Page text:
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What Is the Accounting Balance Sheet?

A balance sheet, or an accounting balance sheet, is one of the key types of financial statements used by business owners and their accountants to track financial activity and financial health. Along with other major financial statements such as the Income Statement, The Cash Flow Statement, and The Statement of Shareholder's Equity, The Balance Sheet is designed to give an idea of a company’s financial position at a specific point in time.

The balance sheet is also known as the statement of financial position.

What Does a Balance Sheet Include?

As a form of financial reporting, a company balance sheet should show three areas of a company’s financial position:

  1. Assets,
  2. Liabilities, and
  3. Owner’s or stockholders’ equity.

Assets

A statement of financial position should feature a comprehensive inventory of what a company owns or its total assets. This section of the balance sheet can include

  • cash,
  • temporary investments,
  • long-term investments,
  • accounts receivable,
  • product inventory,
  • supplies or materials,
  • prepaid insurance policies,
  • land,
  • buildings,
  • land improvements,
  • equipment, and
  • company goodwill.

Remember to list both short-term assets and fixed assets here. Short-term assets are assets that are expected to be sold, used up, or converted to cash within the current fiscal year.

Fixed assets are long-term assets that are purchased with long-term use in mind and are therefore unlikely to be converted to cash in the near future.

The assets category of the balance sheet should also include what are called contra-assets, or Asset Accounts that have credit balances. 

Generally, a contra asset account is an account where balance is being measured in a credit balance. It has its name from having a credit balance in contrary to the normal debit balance. Among Contra Assets, we can find Accumulated Depreciation or Allowance for Doubtful Accounts.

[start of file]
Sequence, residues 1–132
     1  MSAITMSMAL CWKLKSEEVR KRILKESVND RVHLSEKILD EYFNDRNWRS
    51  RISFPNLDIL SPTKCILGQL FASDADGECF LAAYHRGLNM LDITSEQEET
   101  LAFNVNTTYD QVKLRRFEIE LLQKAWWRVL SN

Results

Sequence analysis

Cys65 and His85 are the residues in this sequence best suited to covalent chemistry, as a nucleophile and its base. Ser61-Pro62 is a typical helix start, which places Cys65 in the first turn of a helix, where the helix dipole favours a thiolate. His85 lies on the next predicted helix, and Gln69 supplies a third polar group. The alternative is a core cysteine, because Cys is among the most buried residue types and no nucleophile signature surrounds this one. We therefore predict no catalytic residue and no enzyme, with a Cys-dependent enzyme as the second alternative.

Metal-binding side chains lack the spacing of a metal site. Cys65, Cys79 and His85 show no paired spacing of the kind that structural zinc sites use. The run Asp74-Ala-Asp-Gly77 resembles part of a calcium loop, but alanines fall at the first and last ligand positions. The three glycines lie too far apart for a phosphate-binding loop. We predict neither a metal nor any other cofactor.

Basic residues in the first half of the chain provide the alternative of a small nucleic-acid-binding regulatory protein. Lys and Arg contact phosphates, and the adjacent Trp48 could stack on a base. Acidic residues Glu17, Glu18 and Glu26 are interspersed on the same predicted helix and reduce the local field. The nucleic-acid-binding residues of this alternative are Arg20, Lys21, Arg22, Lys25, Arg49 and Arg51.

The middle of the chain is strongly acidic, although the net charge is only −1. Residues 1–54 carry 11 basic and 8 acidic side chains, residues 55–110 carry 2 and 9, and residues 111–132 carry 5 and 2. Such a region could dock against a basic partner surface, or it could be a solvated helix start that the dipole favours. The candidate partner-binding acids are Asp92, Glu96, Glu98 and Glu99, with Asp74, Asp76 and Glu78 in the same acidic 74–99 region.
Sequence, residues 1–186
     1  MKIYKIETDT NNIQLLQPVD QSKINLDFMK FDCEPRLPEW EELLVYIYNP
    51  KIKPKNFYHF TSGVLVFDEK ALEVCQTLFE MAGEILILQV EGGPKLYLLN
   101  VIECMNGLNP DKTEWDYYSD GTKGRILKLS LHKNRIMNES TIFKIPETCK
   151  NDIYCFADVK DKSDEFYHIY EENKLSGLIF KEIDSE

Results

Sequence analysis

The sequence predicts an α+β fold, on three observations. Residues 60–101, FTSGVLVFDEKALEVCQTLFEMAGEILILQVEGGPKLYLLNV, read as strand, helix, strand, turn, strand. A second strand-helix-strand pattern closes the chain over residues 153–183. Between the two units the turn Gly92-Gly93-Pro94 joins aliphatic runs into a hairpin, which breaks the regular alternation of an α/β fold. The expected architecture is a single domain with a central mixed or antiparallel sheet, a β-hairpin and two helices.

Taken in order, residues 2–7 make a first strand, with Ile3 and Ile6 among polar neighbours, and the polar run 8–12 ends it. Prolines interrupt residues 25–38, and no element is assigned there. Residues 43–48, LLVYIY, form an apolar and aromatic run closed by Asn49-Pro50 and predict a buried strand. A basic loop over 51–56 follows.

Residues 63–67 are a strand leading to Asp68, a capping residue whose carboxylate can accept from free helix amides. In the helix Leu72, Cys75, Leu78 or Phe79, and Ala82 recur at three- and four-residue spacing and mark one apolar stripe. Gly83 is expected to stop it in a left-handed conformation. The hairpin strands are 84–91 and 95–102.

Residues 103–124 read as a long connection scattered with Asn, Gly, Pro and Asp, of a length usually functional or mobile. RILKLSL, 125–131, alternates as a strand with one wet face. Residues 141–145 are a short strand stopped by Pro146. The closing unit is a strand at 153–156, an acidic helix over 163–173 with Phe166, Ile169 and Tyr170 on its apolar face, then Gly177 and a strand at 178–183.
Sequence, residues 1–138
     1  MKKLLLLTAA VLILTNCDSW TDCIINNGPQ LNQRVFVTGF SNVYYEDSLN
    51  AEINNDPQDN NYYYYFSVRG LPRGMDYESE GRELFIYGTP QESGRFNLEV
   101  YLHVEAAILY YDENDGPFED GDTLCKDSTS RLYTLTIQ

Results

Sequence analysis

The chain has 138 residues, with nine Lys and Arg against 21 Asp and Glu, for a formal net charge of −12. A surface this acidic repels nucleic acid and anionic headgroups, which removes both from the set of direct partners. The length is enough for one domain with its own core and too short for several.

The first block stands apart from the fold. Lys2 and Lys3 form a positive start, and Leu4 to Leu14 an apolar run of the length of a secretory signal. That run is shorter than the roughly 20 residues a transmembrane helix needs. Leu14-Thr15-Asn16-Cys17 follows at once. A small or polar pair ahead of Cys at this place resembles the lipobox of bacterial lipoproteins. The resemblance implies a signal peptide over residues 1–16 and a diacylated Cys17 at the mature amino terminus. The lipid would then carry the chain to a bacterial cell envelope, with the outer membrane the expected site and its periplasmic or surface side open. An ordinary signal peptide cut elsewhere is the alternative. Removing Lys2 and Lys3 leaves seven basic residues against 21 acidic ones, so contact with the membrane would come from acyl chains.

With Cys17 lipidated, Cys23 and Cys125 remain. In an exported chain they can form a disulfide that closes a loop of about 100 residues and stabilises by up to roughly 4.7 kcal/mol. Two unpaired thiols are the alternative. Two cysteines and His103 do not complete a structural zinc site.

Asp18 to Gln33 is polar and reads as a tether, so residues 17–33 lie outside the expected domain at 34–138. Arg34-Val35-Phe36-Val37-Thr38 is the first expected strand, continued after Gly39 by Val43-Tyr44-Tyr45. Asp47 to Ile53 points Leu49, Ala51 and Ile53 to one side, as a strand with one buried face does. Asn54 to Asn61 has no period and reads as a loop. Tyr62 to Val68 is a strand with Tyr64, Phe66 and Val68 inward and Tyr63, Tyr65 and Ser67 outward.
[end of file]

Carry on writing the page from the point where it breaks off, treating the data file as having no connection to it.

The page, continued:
Learn more about Contra Assets from this guide by Accounting Coach

The most common example is accumulated depreciation on certain fixed assets (such as a building or a piece of equipment) that the business purchased/acquired during a different reporting period.

Note that the assets listed on your balance sheet can be classified in several ways. Categories of Assets include:

  • Current Assets (cash, accounts receivable and inventory);
  • Investments;
  • Property, Plant, and Equipment;
  • Intangible Assets (trade secrets, industry know-how, patents or copyrights); and
  • Other Assets.

Assets can be anything that company owns that has a yielding potential. Generally Accepted Accounting Principles (GAAP) often requires that assets be recorded based on certain criteria. Assets are generally defined as items that meet all the following criteria:

  • Are controlled by the corporation;
  • Are the result of a past transaction;
  • Will result in a future benefit to the corporation.

However, the company's and GAAP's definition of assets may differ in details, as GAAP requires assets to be valued using a specific method. Additionally, accounting is often held in a conservative manner and as a result, items are often required to be expensed if certain criteria cannot be met that prove there will likely be a future benefit to the corporation.

Liabilities

Opposite of assets - it is how much company owes and has to settle in the future.

Think of company liabilities as a claim against assets, or as what enabled a company to own its assets in the first place. This category can include accounts payable, salaries/wages payable, interest owed, income taxes, warranty liability, lawsuits payable, unearned revenues, bonds payable, loans and more. Contra balances exist here too, such as debt issue costs.